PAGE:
Leiomyosarcoma in a cockatiel/Leiomiossarcoma em calopsita.
This research had the objective to describe the diagnosis and characteristics of a leiomyosarcoma in a cockatiel (Nymphicus hollandicus) admitted at the Wildlife Rehabilitation Center (NURFS-CETAS) of the Federal University of Pelotas (UFPel) and necropsied at the Regional Diagnostic Laboratory--Faculty of Veterinary (LRD-UFPel).
A five-year-old cockatiel was admitted to NURFS-CETAS of the UFPel for treatment. The owner of the bird reported a lump in the left wing that had grown considerably in previous months. At clinical examination, the tumor was palpable and presented an area of ulceration with rarefaction of the surrounding feathers. Due to the size of the lump and its infiltration, the wing was amputated. During surgery, the bird died and was transferred to the LRD-UFPel for necropsy.
Necropsy examination revealed a rounded tumor, approximately two centimeters in diameter, near the scapulohumeral joint, with firm, adherent consistency (Figure 1A). The lump involved much of the muscular tissue surrounding the humerus but-did not infiltrate the bone tissue. It was white and slightly firm, and adhered to the adjacent musculature. No macroscopic changes were observed in other organs. Fragments of the tumor and all organs were collected, fixed in 10% buffered formalin, and routinely processed for histopathology. Sections were cut at 3 pm thickness, stained with the trichrome and eosin (H&E) routine technique and the special Masson's trichrome staining for later examination under an optical microscope. Histological evaluation of H & Estained tissue revealed spindle cell proliferation with basophilic nuclei, abundant undifferentiated cytoplasm, and rare mitosis figures (1-2 per high-power field/400x) that were arranged in interlaced bundles amongst degenerate and normal muscular fibers and scarce fibrous stroma (Figure 1B). The Masson's trichrome staining revealed reddish neoplastic components delineated by thin bluish connective tissue trabeculae (Figure 1C). Metastasis was not evident in the histopathological analysis. Together these histological findings suggested a mesenchymal neoplasm originating in the muscle tissue. We used immunohistochemistry to confirm this diagnosis.
For the immunohistochemical analysis, 3 pm sections were mounted on gelatinized histological slides, and the peroxidase detection system Advance HRP[R] (Dako, Carpinteria, California, USA) was used. Endogenous peroxidase activity was blocked using 3% [H.sub.2][O.sub.2] diluted in methanol, reagents were applied manually, and the immunoreactivity was visualized by 3,3'-diaminobenzidine (Lab Vision DAB substrate system; Lab Vision, Fremont, California, USA). We used immunostaining for vimentin (clone V9, Dako, 1:50) and alpha smooth muscle actin (clone 1A4, Dako, 1:100), revealing intense and diffuse cytoplasmic stainingof the neoplastic cells for both vimentin (Figure 1D) and alpha smooth muscle actin (Figure 1E). Diagnosis of leiomyosarcoma was confirmed.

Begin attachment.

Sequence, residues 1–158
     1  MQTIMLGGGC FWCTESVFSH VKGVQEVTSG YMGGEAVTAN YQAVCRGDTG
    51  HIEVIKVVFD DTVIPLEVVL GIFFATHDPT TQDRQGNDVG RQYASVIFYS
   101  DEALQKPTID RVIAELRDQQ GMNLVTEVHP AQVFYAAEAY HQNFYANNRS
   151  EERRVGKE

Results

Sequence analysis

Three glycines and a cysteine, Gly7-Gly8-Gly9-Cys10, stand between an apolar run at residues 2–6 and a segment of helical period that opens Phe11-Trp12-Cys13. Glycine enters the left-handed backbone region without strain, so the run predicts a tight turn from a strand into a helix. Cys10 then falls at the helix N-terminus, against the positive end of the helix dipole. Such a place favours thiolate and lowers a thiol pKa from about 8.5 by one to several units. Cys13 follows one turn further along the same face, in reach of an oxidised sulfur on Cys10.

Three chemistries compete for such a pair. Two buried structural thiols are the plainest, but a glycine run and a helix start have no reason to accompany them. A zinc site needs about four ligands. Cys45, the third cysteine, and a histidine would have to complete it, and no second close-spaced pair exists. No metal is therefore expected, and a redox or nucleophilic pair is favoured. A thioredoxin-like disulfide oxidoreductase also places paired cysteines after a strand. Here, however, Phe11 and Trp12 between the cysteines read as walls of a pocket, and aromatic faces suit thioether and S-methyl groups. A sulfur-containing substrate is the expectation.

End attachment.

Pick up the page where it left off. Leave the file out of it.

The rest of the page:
Among the main neoplasms observed in psittacines are lymphomas, cholangiomas, hemangiosarcomas, renal carcinomas and cholangiocarcinomas, with the latter most frequently diagnosed. Leiomyosarcoma is considered the most common muscular neoplasm in birds, but is more commonly reported in the smooth muscle trabeculae of the spleen (GODOY et al., 2009). In our case, the wing muscle tissue was the primary site of the leiomyosarcoma because neoplastic lesions were not observed in other organs. This is an uncommon localization of this tumor, with no other reports for cockatiels. Cutaneous tumors originating in smooth muscle are uncommon and are reported mainly in dogs and cats, possibly originating in the smooth muscle of the hair follicles (piloleiomyoma/ piloleiomyosarcoma) and/or vascular smooth muscle (angioleiomyoma/angioleiomyosarcoma) of the skin (HENDRICK, 2017).
Among differential diagnoses of leiomyosarcomas in birds, fibrosarcoma should be considered. These malignant neoplasms are commonly reported inwings and lower limbs as irregular ulcerated tissues that are firmly adhered to the skin (HENDRICK, 2017); and also neoplasms of muscular origin such as rhabdomyosarcomas.
The rhabdomyosarcomas originate from cells of the striated muscle tissue, which are locally invasive and visualized as raised, lobulated and relatively firm subcutaneous irregular tissues with greater occurrence in the wing region (ARAUJO et al., 2007). According to the literature, the leiomyosarcoma macroscopically presents a large form with softened consistency (HENDRICK, 2017), unlike what was evidenced in the reported leiomyosarcoma.